South Africa, not China, was the biggest emerging market investor in Africa between 2006 and 2008 with US$2.6 billion (R19.3 billion) in average annual foreign direct investment (FDI) flows, the 2010 World Investment Report says.
The research, undertaken by the UN Conference on Trade and Development (UNCTAD), however shows China is among the most active investors in Africa, but developed countries still account for most FDI into the continent. It also shows developed nations accounted for by far the bulk of estimated inward FDI flows into Africa, contributing 72% of inflows between 2000 and 2008, and 92% of inward stock in 2008.
“The notion that Chinese investment is somehow the dominant foreign investment in Africa is quite misleading,” said Stephen Gelb, a professor of development economics at the University of Johannesburg and a contributor to the report. “China is far from being the dominant investor. But it is growing faster from a low base.” China invested $2.5 billion in Africa between 2006 and 2008, a fraction of its overall investment outflow, the Business Report says.
Southern Africa remained the largest recipient of FDI within Africa, even though inflows declined from a 2008 high propelled by the Industrial and Commercial Bank of China’s purchase of 20% of Standard Bank for $5.5 billion. South Africa was the fourth-biggest recipient of FDI on the continent, with $5.7 billion of inflows in 2009, after Angola, Egypt and Nigeria. Africa’s key economies were reasonably positioned among the top priority economies for FDI in the world – South Africa in 19th place (its first time in the top 20) and Egypt in 31st. Eight South African companies were ranked among the report’s top 100 non-financial transnational corporations from developing countries.
The biggest local company abroad in 2008 was cellular group MTN with $13.3 billion of foreign assets, followed by Sasol ($6.7 billion), Sappi ($5.9 billion), Netcare ($5.6 billion), Steinhoff ($5 billion), Gold Fields ($4.8 billion), Medi-Clinic ($4.8 billion) and Naspers ($3.8 billion).
Reuters meanwhile reports global FDI flows will steady this year and rise further in 2011-12 as cross-border mergers by multinational companies pick up on growing business confidence. FDI, on which many developing countries rely to finance their economies, will rise to $1.3-1.5 trillion in 2011 and towards $1.6-2.0 trillion in 2012 from $1.2 trillion this year. FDI inflows fell 37% to $1.11 trillion in 2009 after falling 16% in 2008 and peaking at $2.1 trillion in 2007. In the first quarter of this year FDI outflows were about 20 percent higher than a year earlier.
“After this freefall, a timid and uneven recovery appears on its way, thanks to better corporate profits and improved economic and financial conditions.” Prospects for FDI growth are fraught with risks and uncertainties, including the fragility of the recovery, it said. FDI refers to long-term investments, such as stakes in foreign companies or the construction of a plant for a subsidiary, in contrast to volatile financial investments.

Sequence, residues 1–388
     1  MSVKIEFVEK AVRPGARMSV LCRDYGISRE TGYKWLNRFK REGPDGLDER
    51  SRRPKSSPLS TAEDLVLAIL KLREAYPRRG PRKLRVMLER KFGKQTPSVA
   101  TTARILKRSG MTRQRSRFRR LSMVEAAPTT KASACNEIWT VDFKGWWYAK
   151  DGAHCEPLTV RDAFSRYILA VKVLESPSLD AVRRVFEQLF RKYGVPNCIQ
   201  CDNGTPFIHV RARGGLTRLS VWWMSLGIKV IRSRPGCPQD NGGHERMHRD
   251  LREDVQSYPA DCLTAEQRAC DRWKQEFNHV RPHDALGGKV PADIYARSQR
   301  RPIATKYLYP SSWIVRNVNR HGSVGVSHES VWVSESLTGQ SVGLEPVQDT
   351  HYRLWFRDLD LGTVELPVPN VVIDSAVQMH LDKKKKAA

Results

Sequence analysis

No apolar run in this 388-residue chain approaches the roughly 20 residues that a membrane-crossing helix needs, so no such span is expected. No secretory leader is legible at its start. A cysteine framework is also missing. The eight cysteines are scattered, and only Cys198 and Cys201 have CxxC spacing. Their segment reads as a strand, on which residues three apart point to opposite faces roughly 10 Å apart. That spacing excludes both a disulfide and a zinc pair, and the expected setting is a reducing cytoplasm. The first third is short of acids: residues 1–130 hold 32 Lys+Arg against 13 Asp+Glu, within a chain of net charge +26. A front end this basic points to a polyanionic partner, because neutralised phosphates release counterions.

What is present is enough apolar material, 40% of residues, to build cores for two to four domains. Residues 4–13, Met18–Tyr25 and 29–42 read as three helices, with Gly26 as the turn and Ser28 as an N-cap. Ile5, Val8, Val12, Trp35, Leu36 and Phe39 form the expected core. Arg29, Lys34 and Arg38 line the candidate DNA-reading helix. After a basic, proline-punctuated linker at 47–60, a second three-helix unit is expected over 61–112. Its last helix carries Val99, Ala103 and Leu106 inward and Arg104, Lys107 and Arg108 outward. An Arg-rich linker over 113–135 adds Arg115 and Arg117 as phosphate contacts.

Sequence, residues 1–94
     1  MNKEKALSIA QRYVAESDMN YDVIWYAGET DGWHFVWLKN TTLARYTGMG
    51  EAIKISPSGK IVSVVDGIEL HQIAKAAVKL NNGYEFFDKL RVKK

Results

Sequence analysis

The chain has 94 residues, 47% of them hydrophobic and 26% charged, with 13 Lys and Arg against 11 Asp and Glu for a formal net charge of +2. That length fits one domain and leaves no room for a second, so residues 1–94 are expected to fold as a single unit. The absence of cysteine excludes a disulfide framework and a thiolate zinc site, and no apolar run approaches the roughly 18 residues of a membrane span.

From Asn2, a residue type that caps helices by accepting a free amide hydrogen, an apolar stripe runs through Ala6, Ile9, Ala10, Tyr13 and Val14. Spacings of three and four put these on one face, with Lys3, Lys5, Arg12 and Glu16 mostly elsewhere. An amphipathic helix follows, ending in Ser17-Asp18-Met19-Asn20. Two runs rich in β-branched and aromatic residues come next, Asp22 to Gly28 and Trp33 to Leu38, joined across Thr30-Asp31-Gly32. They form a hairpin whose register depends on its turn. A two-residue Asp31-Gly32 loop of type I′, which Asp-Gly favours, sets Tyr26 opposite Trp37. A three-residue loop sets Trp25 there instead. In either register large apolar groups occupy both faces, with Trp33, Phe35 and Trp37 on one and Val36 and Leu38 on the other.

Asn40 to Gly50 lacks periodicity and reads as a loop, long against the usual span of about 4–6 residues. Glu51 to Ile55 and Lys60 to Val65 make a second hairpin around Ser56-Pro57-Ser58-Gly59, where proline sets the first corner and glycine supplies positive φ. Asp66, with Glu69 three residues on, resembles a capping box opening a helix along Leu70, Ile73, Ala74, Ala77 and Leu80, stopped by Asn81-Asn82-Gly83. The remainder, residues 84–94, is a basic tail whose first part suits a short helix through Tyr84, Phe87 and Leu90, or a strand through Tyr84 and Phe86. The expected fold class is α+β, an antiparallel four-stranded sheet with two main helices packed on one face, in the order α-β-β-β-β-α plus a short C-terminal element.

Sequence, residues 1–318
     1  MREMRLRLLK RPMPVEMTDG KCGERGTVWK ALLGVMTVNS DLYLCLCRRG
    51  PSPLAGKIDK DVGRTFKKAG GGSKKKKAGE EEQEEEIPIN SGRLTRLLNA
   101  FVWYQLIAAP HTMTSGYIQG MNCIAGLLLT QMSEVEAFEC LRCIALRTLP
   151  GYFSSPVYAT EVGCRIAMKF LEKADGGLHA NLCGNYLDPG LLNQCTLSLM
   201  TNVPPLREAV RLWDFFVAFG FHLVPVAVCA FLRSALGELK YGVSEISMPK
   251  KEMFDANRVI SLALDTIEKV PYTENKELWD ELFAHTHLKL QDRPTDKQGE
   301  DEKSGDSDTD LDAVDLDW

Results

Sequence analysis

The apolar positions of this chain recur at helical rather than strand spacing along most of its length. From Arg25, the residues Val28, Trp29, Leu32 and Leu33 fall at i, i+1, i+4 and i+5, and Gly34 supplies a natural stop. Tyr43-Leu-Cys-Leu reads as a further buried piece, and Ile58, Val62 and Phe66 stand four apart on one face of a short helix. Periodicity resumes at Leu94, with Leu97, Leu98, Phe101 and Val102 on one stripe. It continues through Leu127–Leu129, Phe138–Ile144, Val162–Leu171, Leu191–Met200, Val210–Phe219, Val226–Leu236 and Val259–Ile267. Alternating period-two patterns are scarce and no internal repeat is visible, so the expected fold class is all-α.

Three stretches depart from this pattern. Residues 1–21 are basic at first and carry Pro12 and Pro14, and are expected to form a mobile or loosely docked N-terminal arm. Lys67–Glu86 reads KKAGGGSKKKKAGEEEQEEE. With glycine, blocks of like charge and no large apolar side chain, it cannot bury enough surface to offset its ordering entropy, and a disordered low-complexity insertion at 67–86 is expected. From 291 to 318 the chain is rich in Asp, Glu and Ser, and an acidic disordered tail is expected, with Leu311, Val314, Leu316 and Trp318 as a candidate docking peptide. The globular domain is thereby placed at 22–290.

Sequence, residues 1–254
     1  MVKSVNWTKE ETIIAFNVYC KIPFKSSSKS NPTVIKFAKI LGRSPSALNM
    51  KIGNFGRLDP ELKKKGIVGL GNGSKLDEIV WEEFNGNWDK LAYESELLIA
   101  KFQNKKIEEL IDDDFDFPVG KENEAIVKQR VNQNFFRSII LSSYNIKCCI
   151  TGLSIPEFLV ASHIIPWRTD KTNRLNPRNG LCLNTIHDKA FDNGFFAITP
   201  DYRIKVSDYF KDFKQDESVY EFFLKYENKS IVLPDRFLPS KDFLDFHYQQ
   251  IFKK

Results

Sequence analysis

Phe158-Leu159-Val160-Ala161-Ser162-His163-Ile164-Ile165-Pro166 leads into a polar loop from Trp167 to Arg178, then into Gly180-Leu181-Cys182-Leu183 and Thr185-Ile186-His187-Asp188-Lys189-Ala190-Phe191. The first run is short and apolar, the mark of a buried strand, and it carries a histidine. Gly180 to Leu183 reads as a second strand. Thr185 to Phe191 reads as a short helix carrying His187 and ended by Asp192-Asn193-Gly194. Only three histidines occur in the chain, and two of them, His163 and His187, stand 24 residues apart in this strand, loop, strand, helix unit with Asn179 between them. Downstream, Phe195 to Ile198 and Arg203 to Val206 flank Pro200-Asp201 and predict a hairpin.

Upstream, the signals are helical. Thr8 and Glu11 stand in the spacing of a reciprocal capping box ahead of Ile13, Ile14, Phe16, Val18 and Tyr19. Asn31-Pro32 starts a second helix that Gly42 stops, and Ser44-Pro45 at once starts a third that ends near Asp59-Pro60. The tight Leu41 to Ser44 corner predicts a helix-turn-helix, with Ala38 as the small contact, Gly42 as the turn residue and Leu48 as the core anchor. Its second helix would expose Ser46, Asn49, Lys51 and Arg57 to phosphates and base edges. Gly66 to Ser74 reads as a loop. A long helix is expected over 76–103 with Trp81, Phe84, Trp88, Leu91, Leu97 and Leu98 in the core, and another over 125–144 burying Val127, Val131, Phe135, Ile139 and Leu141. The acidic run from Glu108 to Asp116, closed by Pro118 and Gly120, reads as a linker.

The recovery in FDI will mainly occur through a revival of cross-border mergers and acquisitions (M&A) where restructuring and the privatisation of companies rescued in the crisis will offer opportunities, the UNCTAD report said. Multinational companies’ willingness to expand abroad looks more robust for 2011 and 2012 than in 2010, with business confidence benefiting from improved economic conditions, corporate profits and stock market valuations seen this year.
The report documents the growing weight of the emerging economies as both sources and destinations for FDI. China and Russia were the sixth and seventh biggest sources of FDI in 2009, with $48 billion and $46 billion in investments, up from ninth and eighth positions respectively, in 2008. While the United States remains the biggest destination of FDI, China edged up to second place in 2009 from third in 2008.
The recent retreat in investment in manufacturing against that of services — driven by the need for labour-intensive projects — and the primary sector including mining and energy — benefiting from rising commodity prices — is unlikely to be reversed, UNCTAD said. In cross-border M&A, manufacturing fell 77% in value in 2009, while the primary and services sectors contracted by 47% and 57% respectively, although the latter included a drop of 87% in M&A in financial services.
The number of cross-border M&A deals fell by 34% in 2009, or 65% in value, while greenfield investments in new plant by multinational companies declined only 15%. M&A seems to be rebounding more quickly this year than greenfield investment.
The internationalisation of production continues to grow, with the value added by foreign affiliates of multinational firms shrinking less sharply in the past two years than the overall economy. That took multinationals’ share of the world economy to a record 11%, employing 80 million people.
Foreign direct investment by private equity funds fell by 65% in 2009, but flows from sovereign wealth funds increased by 15%, UNCTAD said.
Efforts to encourage investment inflows while regulating them more thoroughly in the wake of the crisis are posing challenges to governments. The proportion of more restrictive investment policy measures rose to 30% in 2009, its highest level since UNCTAD started monitoring the trend in 1992.